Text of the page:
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New Zealand Festival of the Arts: Behind the creation of Te Ata

New Zealand Festival of the Arts: Behind the creation of Te Ata

Internationally-acclaimed director and choreographer Lemi Ponifasio is one of three supremely talented artists to guest curate the New Zealand Festival of the Arts this year.

New Zealand Festival of the Arts: Behind the creation of Te Ata

As part of Ponifasio’s programme, he has created Te Ata – a festival within the festival that will see artists from Aotearoa and around the world working with cultural and creative groups based in Porirua.

Approximately 40 per cent of Porirua’s population is below the age of 25, making it one of New Zealand’s youngest cities. Te Ata will work to support and empower young New Zealanders who want an active role in the decision-making of the world they live in. “The youth in Porirua are not the decision-makers even though they make up 40 per cent of the city’s population,” says Ponifasio. He believes young people “need to be represented where decisions are being made”, and the easiest way for them to express their views is through “their language” of dance, song and fashion. “I think to find expression or vocabulary in this sometimes overwhelming world is the work of artists,” he says. “And I think it’s important to include these young citizens in the festival and to tell the general public that this is a priority of society.”

Te Ata was born out of meetings with community leaders and youth, giving them a voice in the development of the festival, and asking what they would like to see from it. “My work is mainly working with community so that was the natural way to do Te Ata,” explains Ponifasio. After arranging a dinner with dozens of young people from Porirua aged between 12 and 28, Ponifasio learnt they wanted an opportunity to participate and perform in the arts rather than simply have art performed to them. Additionally, they hoped their world would be reflected in the artworks, and they wanted to see a focus on mental wellbeing.

Grammy Award-winning bass baritone Jonathan Lemalu joins Porirua’s own Virtuoso Strings and the esteemed Sinfonia for Hope Orchestra for ‘O Matou Malaga, Our Voyage’

Te Ata will involve two weeks of creative development, culminating in a week of public performances and events hosted by Porirua City. “There are artists coming there to make the work, but also there are workshops and a lot of exchange between artists and young people and the community,” says Ponifasio. There’s an impressive list of artists involved in Te Ata that includes US social justice dance group FLEXN, Soweto-born composer and protest music producer Neo Muyanga, US Youth Poet Laureate Kara Jackson, and Grammy Award-winning opera singer Jonathan Lemalu, to name a few. Ponifasio explains the process of casting the artists included considering what societal issues they were concerned with. “When you create a work, you see who can fit the role,” he says. “Most of the artists I have a really long relationship with, and they have concerns that are similar to mine.”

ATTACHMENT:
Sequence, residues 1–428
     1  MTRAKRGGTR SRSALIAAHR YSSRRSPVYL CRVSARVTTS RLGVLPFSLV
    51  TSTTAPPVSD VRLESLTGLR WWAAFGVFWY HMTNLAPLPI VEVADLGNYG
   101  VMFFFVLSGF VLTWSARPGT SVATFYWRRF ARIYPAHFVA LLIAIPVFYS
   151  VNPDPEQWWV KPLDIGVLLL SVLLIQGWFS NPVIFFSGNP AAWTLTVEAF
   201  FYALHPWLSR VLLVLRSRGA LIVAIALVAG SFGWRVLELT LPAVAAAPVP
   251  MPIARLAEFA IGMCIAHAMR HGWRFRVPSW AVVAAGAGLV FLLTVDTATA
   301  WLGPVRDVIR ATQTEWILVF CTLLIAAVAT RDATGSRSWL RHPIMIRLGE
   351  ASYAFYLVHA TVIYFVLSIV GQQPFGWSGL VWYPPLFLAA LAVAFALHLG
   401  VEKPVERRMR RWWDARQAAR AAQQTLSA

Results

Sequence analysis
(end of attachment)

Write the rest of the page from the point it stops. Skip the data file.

Flex pioneer Reggie ‘Regg Roc’ Gray, visionary director Peter Sellars, and 13 FLEXN dancers will engage the Porirua community in collaborations, conversations, performances, a masterclass and student summit.

No doubt, Te Ata will be a unique celebration of Aotearoa’s youth and future. Ponifasio boasts an incredible curriculum vitae, working as a director, choreographer and multidisciplinary artist. His contemporary Pacific theatre and dance performances have been shown at prestigious theatres, galleries and arts festivals all over the world. Ponifasio has strong ideas about what festivals should be and should achieve, particularly as he has witnessed festivals become more about the events themselves and “less about culture”. Having collaborated with people from all walks of life, working with communities is integral to Ponifasio’s work. “An artist that’s coming from wherever they come from just to have a show and then leave – I think that’s a waste of money,” he reveals. “A lot of festivals just buy into high consumerism, and we should not be afraid of seriousness, because what takes place in our community is very, very serious – whether it’s youth suicide, or domestic violence, or mosque shootings – these are things people are dealing with.” Ponifasio explains festivals should help us to find a way to deal with life’s harsh realities. “That’s the main attitude I have for making art and for making festivals – you are really not just making art, you are actually trying to make a cultural movement and change. So you have to consider all layers of the society, not just art.”

  • Te Ata, 22 February – 29 February, 2020.
    Te Ata events will take place at various sites in Porirua.

https://www.festival.nz/events/all/te-ata/

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